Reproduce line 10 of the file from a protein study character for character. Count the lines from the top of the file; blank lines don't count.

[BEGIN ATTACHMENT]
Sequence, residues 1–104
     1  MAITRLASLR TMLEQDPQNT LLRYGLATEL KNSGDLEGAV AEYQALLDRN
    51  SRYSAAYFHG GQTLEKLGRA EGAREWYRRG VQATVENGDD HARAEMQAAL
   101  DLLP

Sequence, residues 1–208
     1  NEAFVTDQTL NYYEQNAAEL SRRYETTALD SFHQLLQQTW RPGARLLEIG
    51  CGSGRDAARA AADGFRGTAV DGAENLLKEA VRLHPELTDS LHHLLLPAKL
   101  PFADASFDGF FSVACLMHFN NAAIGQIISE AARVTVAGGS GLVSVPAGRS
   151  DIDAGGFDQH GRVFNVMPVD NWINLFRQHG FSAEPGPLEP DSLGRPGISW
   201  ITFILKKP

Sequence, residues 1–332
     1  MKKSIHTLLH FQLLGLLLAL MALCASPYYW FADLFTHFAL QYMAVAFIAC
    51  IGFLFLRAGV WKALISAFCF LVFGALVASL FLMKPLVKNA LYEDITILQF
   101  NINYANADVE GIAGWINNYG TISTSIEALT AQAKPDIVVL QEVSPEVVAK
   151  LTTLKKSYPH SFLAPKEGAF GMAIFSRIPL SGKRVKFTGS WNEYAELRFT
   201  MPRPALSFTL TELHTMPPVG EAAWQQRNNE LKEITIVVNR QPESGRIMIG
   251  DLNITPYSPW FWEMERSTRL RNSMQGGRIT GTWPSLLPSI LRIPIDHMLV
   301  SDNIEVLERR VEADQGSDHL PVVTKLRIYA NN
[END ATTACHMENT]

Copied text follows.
   201  ITFILKKP